Chapter Two – The Clueless Life of a Cryptic Crossword Setter

Chapter 2:

Every other chapter, I shall be taking you to the story behind a puzzle, and offering that crossword to you, exactly as published. I shall place the puzzle first each time, so should you wish you can solve it, you can then choose to read on to see if you agree with my comments. Do feel free to offer your thoughts too.  Although I do read and appreciate all your comments, please forgive my not being able to reply to all of you in person.

As we progress through the puzzles, and through the years, there are ideas of which I am proud, and others that leave me scurrying to a place of sanctuary behind the sofa.

I do hope you enjoy having a go at these oldies. Here we go….

April 19, 1995 – first ever Paul puzzle

So, this puzzle took me around five years to complete, for a fee of £88.

Still aspire to being a crossword setter?

In the following pages I shall tell you the story of those 20,000 hours of clue-writing – the isolation, the beer, the drawing of boxes on bedroom walls, the petrol station sandwiches, the unimpressed girlfriends.

But for now, the above puzzle is the end of the journey, the honed puzzle I sent to ‘Araucaria, C/O The Guardian’, for his feedback, hoping it would reach the great man, and that he would be able to dig it out from beneath his mountain of fan mail – and find the time to respond, should he see fit.

Looking at it again, there are plenty of things I tried then that, twenty years later, are proving cringeworthy, although it’s not a bad puzzle on the whole.

8 ac: Knickers. Says it all, really. Start as you mean to go on, I say.

9 ac: ‘Actor’ is loose for ‘Extra’, if not erroneous.

11 ac: ‘it’s on the way’, loose again for ‘Tarmacadam’.

20 ac: would arguably be better as ‘No longer useful to be wandering around alone (8)’

23 ac: nowadays I wouldn’t use partial anagrams from another solution – it’s a bit cheap.

1 dn: I had considered ‘Finish’ should appear with a capital ‘F’. I’m less than sure now, and perhaps could have rewritten the clue.

7 and 13 dn: too much stuff in parentheses’

18 dn: model for T, so very hackneyed. Furthermore, the clue should read ‘Libertine model with hair to adjust in toilet (8)’

As I say, I think it’s not a bad effort, though on its publication I was immediately to become aware of the world of which I had just become a part – my first ‘fan mail’

It read as follows:

‘I am dismayed at the puzzle produced by your new setter Paul, particularly by its subject matter.

First we have ‘knickers’, later a girl being overcome by passion, the politically incorrect mental health issues at 11 and 12 across, the attack on stammerers at 17 across, some ‘straddling’, more filth at 16 down and a model in a toilet.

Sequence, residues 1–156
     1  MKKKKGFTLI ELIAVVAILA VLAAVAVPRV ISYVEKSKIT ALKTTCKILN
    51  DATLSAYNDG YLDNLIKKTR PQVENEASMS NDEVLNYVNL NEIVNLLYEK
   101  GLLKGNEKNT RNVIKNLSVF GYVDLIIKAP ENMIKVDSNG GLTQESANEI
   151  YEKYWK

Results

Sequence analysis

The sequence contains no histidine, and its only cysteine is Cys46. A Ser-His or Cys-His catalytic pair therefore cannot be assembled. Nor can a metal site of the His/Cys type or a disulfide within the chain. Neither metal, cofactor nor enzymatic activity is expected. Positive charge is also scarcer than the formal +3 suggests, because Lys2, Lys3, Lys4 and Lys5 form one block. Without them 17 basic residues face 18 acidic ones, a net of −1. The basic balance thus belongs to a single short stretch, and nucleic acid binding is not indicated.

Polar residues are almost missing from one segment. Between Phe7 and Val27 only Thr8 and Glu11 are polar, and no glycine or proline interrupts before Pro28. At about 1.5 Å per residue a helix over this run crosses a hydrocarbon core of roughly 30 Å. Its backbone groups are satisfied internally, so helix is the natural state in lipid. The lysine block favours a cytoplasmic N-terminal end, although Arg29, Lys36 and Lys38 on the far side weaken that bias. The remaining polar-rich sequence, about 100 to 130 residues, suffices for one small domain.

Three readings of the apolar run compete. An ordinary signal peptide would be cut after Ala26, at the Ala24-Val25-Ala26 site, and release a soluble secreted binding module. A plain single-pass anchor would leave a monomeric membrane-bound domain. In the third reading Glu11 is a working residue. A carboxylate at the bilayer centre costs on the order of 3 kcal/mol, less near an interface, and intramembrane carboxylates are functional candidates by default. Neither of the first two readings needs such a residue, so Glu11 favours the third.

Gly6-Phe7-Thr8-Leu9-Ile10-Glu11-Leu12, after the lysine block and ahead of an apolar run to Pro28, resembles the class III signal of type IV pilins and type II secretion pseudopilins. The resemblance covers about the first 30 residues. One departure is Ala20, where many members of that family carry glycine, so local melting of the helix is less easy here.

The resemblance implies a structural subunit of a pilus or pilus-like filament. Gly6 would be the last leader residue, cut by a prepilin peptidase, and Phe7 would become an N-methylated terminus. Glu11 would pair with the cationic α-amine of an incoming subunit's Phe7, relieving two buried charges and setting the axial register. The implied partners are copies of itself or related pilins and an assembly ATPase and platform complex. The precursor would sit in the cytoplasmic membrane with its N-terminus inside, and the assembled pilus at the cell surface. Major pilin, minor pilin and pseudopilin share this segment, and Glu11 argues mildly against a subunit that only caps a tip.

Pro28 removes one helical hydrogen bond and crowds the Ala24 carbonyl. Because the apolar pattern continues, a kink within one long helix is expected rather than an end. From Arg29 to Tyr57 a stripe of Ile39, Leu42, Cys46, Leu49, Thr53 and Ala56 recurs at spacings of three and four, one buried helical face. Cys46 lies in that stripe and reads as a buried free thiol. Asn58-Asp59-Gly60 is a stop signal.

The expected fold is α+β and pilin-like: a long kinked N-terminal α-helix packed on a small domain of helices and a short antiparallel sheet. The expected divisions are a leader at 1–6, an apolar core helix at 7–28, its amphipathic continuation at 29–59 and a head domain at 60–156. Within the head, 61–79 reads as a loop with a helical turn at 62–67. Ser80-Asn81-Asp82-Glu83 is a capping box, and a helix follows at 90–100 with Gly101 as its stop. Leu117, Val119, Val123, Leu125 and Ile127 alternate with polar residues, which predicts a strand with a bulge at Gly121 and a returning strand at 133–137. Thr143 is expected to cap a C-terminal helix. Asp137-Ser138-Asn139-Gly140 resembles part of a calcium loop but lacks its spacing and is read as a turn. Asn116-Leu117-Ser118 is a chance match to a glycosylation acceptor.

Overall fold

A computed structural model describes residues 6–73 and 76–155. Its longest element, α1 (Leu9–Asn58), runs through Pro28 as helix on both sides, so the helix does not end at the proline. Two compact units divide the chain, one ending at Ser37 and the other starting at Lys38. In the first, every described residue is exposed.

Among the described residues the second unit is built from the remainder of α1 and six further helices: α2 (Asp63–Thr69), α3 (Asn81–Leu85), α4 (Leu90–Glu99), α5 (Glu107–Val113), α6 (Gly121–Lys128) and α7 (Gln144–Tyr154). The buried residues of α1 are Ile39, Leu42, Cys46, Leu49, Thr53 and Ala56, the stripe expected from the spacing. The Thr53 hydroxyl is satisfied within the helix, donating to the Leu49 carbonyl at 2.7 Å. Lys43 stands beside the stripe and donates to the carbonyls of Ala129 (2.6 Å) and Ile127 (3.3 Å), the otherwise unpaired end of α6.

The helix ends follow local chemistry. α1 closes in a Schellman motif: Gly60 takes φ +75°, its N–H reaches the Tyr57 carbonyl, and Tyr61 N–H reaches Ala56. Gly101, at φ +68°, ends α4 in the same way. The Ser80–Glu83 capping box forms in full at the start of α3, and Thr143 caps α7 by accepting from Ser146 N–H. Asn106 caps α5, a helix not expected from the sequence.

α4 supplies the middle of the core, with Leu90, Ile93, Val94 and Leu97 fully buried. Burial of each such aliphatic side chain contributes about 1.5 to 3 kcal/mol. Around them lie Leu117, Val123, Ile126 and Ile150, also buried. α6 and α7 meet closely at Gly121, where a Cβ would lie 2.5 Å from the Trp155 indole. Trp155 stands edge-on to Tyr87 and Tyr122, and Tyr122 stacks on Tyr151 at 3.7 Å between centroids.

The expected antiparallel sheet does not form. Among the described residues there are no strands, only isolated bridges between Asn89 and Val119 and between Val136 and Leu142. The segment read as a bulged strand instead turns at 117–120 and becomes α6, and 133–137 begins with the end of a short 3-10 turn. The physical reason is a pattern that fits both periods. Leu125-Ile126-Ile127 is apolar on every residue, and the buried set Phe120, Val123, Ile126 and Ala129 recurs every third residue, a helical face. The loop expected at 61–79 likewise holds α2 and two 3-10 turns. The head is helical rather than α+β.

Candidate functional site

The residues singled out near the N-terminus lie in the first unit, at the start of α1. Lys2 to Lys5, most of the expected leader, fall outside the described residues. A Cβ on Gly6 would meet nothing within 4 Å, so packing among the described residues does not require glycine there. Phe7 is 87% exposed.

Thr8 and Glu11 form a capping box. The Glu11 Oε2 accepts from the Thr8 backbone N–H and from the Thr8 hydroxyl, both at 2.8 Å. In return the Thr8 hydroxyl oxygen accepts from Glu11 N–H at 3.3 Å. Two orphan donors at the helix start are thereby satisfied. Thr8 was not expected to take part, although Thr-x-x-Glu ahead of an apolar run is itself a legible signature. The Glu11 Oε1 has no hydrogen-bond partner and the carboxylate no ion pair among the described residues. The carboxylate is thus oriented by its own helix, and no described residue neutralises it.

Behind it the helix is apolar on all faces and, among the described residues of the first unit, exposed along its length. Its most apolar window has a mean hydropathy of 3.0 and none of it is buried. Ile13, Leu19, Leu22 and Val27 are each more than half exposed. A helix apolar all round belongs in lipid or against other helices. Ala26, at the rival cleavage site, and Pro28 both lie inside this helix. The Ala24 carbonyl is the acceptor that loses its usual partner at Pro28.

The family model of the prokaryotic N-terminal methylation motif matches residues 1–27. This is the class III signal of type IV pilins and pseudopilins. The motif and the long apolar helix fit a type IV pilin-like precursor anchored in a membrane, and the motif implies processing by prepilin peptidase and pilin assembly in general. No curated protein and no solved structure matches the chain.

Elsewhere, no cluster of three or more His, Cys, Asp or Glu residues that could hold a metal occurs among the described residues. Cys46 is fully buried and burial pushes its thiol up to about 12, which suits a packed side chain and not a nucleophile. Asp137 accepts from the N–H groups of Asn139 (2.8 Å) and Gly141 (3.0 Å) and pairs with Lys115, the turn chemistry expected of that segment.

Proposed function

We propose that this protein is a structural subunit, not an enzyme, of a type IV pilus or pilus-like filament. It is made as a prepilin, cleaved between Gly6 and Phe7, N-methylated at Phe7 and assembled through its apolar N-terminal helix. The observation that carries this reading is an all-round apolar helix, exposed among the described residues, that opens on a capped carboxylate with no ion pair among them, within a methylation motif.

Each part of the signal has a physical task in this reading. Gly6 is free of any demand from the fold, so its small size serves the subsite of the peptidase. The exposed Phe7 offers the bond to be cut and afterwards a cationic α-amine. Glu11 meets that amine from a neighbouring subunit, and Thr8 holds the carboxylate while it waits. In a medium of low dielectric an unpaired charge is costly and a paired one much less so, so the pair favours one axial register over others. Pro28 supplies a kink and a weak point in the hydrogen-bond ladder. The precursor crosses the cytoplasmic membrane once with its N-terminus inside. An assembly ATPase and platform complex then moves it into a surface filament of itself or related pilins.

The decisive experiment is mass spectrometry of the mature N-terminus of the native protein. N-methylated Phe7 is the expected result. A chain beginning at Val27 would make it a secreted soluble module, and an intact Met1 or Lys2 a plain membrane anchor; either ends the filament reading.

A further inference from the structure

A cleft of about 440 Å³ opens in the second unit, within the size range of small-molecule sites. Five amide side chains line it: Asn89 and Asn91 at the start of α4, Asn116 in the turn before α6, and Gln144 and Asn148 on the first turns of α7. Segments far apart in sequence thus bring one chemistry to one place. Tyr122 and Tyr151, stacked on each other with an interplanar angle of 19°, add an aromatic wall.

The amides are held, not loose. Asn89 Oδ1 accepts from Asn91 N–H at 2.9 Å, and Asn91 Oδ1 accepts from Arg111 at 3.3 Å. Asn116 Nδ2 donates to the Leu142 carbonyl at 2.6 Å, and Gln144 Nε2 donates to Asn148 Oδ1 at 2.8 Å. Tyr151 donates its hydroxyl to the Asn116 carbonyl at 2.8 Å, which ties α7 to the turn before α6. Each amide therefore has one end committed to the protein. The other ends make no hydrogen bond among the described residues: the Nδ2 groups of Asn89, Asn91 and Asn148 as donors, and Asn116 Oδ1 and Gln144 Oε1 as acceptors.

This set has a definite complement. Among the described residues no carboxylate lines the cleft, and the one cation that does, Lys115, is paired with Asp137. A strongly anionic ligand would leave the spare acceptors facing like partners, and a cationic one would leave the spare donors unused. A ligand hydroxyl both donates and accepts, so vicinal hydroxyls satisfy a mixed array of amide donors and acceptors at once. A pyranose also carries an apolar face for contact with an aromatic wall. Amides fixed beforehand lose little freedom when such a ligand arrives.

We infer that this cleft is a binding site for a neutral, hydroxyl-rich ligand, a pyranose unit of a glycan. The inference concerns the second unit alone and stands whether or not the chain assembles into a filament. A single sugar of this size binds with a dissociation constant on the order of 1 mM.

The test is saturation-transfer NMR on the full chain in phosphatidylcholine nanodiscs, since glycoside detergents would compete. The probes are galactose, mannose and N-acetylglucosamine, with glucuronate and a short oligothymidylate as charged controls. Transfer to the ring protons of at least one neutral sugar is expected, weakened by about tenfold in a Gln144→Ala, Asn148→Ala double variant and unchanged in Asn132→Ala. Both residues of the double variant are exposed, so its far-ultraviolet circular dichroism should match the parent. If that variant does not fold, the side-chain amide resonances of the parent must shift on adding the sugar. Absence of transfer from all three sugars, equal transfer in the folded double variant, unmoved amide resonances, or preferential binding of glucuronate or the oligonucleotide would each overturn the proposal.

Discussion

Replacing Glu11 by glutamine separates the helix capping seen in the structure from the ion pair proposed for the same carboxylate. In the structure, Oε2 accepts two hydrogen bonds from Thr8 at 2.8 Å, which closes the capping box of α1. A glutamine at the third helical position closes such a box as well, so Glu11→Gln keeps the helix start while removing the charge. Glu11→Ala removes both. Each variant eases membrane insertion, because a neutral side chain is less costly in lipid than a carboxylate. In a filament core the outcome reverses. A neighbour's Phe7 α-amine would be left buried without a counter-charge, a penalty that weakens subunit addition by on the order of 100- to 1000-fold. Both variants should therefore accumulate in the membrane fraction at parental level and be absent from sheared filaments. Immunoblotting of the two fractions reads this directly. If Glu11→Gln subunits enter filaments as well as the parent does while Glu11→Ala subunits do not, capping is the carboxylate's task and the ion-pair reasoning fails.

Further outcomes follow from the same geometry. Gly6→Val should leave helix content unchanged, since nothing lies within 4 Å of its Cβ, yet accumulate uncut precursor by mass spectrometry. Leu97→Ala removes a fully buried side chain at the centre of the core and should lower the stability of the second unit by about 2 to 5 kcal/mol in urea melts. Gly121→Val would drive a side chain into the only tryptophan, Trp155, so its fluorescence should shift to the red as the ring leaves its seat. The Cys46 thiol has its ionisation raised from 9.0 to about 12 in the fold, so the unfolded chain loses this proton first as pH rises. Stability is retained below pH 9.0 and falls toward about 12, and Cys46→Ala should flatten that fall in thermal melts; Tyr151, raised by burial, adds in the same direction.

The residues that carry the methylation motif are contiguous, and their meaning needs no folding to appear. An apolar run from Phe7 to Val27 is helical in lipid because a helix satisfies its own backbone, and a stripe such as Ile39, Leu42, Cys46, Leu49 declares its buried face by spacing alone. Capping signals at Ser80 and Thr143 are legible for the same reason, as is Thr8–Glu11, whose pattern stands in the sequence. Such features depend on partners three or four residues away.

All I can say is, for those who follow the work of Paul, they are all:

Sad initially to be with American soldier on the way back (6,4)*

Yours sincerely,

Soapy Shaft-Twiglets

I had entered the mysterious world of the cryptic crossword, but hadn’t accounted for the underworld of cryptic crossword solvers. My life was about to change, in ways I couldn’t have foreseen….

*Sexist gits








6 responses to “Chapter Two – The Clueless Life of a Cryptic Crossword Setter

  1. I’d like Paul to know that his puzzle 25,879 in the Guardian 23 Feb 2013 was as good as anything I’ve ever seen. Up to Araucaria. Praise enough. I do not know how he managed 12,5 across. Brilliant.


    • Stuart, for far too long since you wrote this. Please forgive me. I’m slowly catching up on correspondence since the Centenary. To be mentioned in the same breath as Araucaria is a joy – thank you, and thank you for taking the time and the trouble to write.


  2. Hello John. I’m a crossword nut like you (!). A story I think you’ll like: Having LOVED your crossword in the ‘i’ last Tuesday (the one originally published in 2008 with ‘Anagrammatical and ‘Waiting for Godot’ in it, if you emember) I read your old interview on ‘Meet the Setter’ and came to this site. That led me in turn to your first ever crossword, which I downloaded and tackled out of interest, because I’ve just started compiling a few myself and wished to make a comparison. Sadly this was the night before my lovely niece’s funeral and I fell asleep with just one clue unsolved – 21d. In the morning I awoke and was taken aback when I realised the answer – Bryony. Her name, of course.

    • Hello. SO SO sorry for late reply. Thanks so much for writing, and sorry to hear about Bryony. Amazingly, that puzzle was published some time before the birth of my own niece, named…. Bryony!


  3. Hello again John. Two years on and another momentous event in my life – a happy one this time though, as my wife and I took our eldest to University today – the first to fly the nest. Naturally I did the Guardian Prize Crossword en route, although it was trickier than usual with a theme around Latin names of Roman Emperors – one of whom seemed to be called Gluteus Maximus!
    My LOI was 15ac, Hero going after rebel in uprising?: L_I_, and very unusually it was answered by my crossword-phobic wife. Oh, and given the Latin theme of the puzzle, it’s rather pleasing that my son’s name is Leo. 🙂

  4. I meant L_ O_ , of course!

Leave a Reply

Fill in your details below or click an icon to log in: Logo

You are commenting using your account. Log Out /  Change )

Google photo

You are commenting using your Google account. Log Out /  Change )

Twitter picture

You are commenting using your Twitter account. Log Out /  Change )

Facebook photo

You are commenting using your Facebook account. Log Out /  Change )

Connecting to %s